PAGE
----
jump to navigation

Fun with Spring, GWT and Annotations March 4, 2010

Posted by Phill in Frameworks, Spring.
Tags: , , , ,
comments closed

Recently I’ve been porting across some of our monolithic IceFaces application to a more modular GWT application. (There’s nothing wrong with IceFaces as such, but for several reasons I don’t think it’s the right fit for us any more).

It’s been going pretty well so far, although I’ve only been working on it for a few days. I’ve got the GWT-Widget server library up and running as well, which integrates nicely with Spring for RPC. (It basically means you don’t have to define a new servlet in web.xml for each RPC server you want, you can just define them as Spring beans).

However, it does mean that you have to create a mapping for each Spring bean that you want to publish and define it in the application context XML, which isn’t really ideal for modular applications: I’d quite like them to be detected automatically with annotations, that way if you have another module on the classpath it will automatically be picked up.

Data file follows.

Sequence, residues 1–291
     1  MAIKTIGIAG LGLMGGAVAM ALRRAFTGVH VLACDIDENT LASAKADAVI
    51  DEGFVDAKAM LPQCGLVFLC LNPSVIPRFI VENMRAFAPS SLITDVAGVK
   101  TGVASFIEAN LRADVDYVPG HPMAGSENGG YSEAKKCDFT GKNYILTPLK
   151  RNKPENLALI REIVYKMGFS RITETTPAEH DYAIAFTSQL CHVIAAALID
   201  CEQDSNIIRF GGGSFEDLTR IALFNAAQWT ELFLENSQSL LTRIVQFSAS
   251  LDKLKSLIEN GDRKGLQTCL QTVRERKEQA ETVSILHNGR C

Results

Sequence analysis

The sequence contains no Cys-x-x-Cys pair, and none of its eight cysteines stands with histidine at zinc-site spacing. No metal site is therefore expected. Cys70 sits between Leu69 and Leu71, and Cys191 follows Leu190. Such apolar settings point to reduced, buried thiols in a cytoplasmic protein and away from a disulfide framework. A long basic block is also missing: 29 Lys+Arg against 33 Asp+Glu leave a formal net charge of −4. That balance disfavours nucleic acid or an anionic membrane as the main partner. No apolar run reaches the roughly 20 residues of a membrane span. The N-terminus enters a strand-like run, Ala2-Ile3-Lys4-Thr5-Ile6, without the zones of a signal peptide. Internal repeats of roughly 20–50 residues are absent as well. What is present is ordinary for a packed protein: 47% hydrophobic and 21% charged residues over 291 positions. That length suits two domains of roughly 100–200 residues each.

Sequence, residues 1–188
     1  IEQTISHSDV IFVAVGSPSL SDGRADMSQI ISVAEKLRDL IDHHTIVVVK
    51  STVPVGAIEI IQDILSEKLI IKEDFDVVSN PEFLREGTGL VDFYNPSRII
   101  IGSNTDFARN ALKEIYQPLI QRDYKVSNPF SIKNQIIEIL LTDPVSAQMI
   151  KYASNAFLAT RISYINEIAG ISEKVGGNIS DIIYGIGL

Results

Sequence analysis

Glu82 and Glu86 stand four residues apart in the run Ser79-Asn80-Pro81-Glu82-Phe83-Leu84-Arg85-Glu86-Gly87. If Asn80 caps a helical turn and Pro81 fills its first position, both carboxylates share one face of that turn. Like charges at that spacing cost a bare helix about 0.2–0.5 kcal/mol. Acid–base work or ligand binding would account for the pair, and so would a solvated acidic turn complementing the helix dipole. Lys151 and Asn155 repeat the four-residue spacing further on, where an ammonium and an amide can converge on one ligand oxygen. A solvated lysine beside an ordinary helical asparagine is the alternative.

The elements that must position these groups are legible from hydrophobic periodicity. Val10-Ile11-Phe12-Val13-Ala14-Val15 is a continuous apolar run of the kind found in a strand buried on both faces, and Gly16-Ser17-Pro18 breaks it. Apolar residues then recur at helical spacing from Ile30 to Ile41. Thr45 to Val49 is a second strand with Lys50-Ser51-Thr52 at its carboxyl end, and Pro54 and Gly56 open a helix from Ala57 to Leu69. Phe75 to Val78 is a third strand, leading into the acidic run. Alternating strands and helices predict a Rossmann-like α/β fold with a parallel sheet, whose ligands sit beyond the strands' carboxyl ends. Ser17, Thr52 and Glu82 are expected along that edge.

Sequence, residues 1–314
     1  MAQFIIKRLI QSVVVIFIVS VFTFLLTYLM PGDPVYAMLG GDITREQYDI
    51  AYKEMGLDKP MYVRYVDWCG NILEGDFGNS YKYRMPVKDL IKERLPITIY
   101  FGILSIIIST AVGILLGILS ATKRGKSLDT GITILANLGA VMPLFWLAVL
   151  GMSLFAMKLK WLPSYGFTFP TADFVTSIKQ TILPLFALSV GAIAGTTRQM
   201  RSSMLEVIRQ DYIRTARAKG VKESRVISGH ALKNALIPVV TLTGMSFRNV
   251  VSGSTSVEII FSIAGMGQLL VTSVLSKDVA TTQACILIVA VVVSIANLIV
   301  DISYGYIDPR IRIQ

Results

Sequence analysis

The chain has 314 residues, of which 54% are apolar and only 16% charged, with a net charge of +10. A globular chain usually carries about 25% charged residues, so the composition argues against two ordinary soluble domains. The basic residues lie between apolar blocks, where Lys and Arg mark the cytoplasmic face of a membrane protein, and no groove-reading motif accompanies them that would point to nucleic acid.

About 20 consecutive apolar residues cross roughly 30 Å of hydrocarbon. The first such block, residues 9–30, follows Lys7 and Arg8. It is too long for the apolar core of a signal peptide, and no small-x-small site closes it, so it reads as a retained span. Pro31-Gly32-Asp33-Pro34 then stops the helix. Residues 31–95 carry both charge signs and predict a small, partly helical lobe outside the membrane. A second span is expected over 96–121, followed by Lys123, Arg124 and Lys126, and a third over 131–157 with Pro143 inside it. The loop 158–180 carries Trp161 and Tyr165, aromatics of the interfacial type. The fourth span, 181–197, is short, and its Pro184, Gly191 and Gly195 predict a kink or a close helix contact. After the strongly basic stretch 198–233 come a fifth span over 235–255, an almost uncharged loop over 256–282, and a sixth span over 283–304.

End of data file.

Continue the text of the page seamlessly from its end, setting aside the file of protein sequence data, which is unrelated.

So, I created another annotation (@RPCService) and annotated my RPC endpoints with it. The annotation, as its value, had the URL of that endpoint (i.e. “/user” for the users RPC service)

Then, my initial thought was to use Spring to scan the classpath and load each one up. I’ll cut a long story short here and say that was all unecessary: if your RPC classes are defined in the application context (via XML or annotations, it doesn’t matter), all you need to do is get an instance of the Application Context and call getBeansWithAnnotation.

This makes things really simple: I have a bean set up which has an initialise method that uses that method to get all classes annotated with my RPCService annotation, finds out their URLs, and then configures the GWTHandler servlet to map those beans.

Dead easy! And very useful to do, if you’re using the GWT-Widgets library.

Edit: After reading the documentation it seems that what I’ve done is essentially re-implement what’s already available in the library. Still, hopefully it will come in useful if you need to do something similar for another usage…